A hot gravy was then prepared by mixing together modified corn starch (1.8% by weight of the gravy) and guar gum (0.6% by weight of the gravy) with water/steam making up the remainder. The gravy was then heated to a temperature of from about 87° C. (190° F.) to about 93° C. (200° F.) until the mixture developed a target viscosity of about 20 cm/30 seconds at 82° C. (180° F.) as measured on a Botswick Consistometer.

The meat mixture, grain mixture and gravy as prepared above were combined in a regular mixer and evenly blended without further heating. The blending ratio of the meat mixture, grain mixture and gravy was 55:11.5:33.5 wt %, respectively. The resultant product after sterilization had a hearty ground texture appearance with visually recognizable meat particles which neither resemble ground loaf nor chunk and gravy products. The composition of the final product is shown in Table 2.

TABLE 2
Component% by weight of composition
Meat55
Grain10
Vitamins, Minerals, Color and Flavor1.5
Gravy33.5
Protein16
Fat17.53

Example 3

This example demonstrates the preparation of a high meat composition for feline consumption using the process of the present invention.

A meat mix comprising skeletal muscle from fish or chicken and meat by products was prepared by mixing the meat sources in a ribbon/paddle mixer.

A grain mixture was prepared in a separate mixture by contacting the grains with vitamins, minerals, colorant and flavor.

A hot gravy was then prepared by mixing together modified corn starch and guar gum with water/steam making up the remainder. The gravy was then heated to a temperature of from about 87° C. (190° F.) to about 93° C. (200° F.) until the mixture developed a target viscosity of about 20 cm/30 seconds at 82° C. (180° F.) as measured on a Botswick Consistometer.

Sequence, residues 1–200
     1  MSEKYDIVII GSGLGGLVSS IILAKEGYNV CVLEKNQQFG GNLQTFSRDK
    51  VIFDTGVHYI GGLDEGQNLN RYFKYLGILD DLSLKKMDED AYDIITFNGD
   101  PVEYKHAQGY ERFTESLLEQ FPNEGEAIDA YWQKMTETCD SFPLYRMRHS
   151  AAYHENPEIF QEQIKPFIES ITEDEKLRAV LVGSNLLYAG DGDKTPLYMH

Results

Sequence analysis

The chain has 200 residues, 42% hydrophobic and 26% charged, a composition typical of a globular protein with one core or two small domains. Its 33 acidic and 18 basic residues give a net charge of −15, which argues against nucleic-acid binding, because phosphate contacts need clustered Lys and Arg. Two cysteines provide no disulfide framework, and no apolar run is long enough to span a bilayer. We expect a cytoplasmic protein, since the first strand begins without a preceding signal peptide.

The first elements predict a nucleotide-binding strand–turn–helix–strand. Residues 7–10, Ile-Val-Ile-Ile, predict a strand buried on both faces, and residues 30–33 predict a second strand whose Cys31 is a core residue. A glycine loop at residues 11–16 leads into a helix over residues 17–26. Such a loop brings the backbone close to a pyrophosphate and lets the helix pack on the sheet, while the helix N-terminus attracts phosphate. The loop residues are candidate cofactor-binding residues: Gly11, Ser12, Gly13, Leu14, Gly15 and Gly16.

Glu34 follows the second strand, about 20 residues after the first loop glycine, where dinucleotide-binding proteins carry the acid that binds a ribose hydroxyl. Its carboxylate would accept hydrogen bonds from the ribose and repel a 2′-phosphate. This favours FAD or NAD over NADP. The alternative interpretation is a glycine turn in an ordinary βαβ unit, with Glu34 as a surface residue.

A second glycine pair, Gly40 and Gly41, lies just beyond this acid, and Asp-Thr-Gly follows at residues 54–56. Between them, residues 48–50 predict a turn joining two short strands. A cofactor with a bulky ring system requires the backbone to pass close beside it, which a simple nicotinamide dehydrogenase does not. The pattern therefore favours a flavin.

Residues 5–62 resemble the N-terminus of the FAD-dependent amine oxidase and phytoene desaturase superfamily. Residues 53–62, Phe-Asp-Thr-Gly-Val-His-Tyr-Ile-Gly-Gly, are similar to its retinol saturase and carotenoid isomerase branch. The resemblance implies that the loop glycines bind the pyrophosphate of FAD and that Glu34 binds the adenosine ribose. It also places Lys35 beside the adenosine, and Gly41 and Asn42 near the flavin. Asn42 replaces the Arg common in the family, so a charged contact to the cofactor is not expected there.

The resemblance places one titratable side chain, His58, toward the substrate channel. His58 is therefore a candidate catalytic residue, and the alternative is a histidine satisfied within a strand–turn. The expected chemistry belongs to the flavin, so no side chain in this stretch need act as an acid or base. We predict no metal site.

The meat mixture, grain mixture and gravy as prepared above were combined in a regular mixer and evenly blended without further heating. The blending ratio of meat mixture, grain mixture and gravy was 75:2.5:18 wt %, respectively. The resultant product after sterilization had a hearty ground texture appearance with visually recognizable meat particles which neither resemble ground loaf nor chunk and gravy products. The composition of the final product is shown in Table 3.

TABLE 3
Component% by weight of composition
Meat75
Grain2.5
Gravy18
Protein13
Fat8.5

In the specification, there have been disclosed typical preferred embodiments of the invention and, although specific terms are employed, they are used in a generic and descriptive sense only and not for purposes of limitation, the scope of the invention being set forth in the following claims. Obviously many modifications and variations of the present invention are possible in light of the above teachings. It is therefore to be understood that within the scope of the appended claims the invention may be practiced otherwise than as specifically described.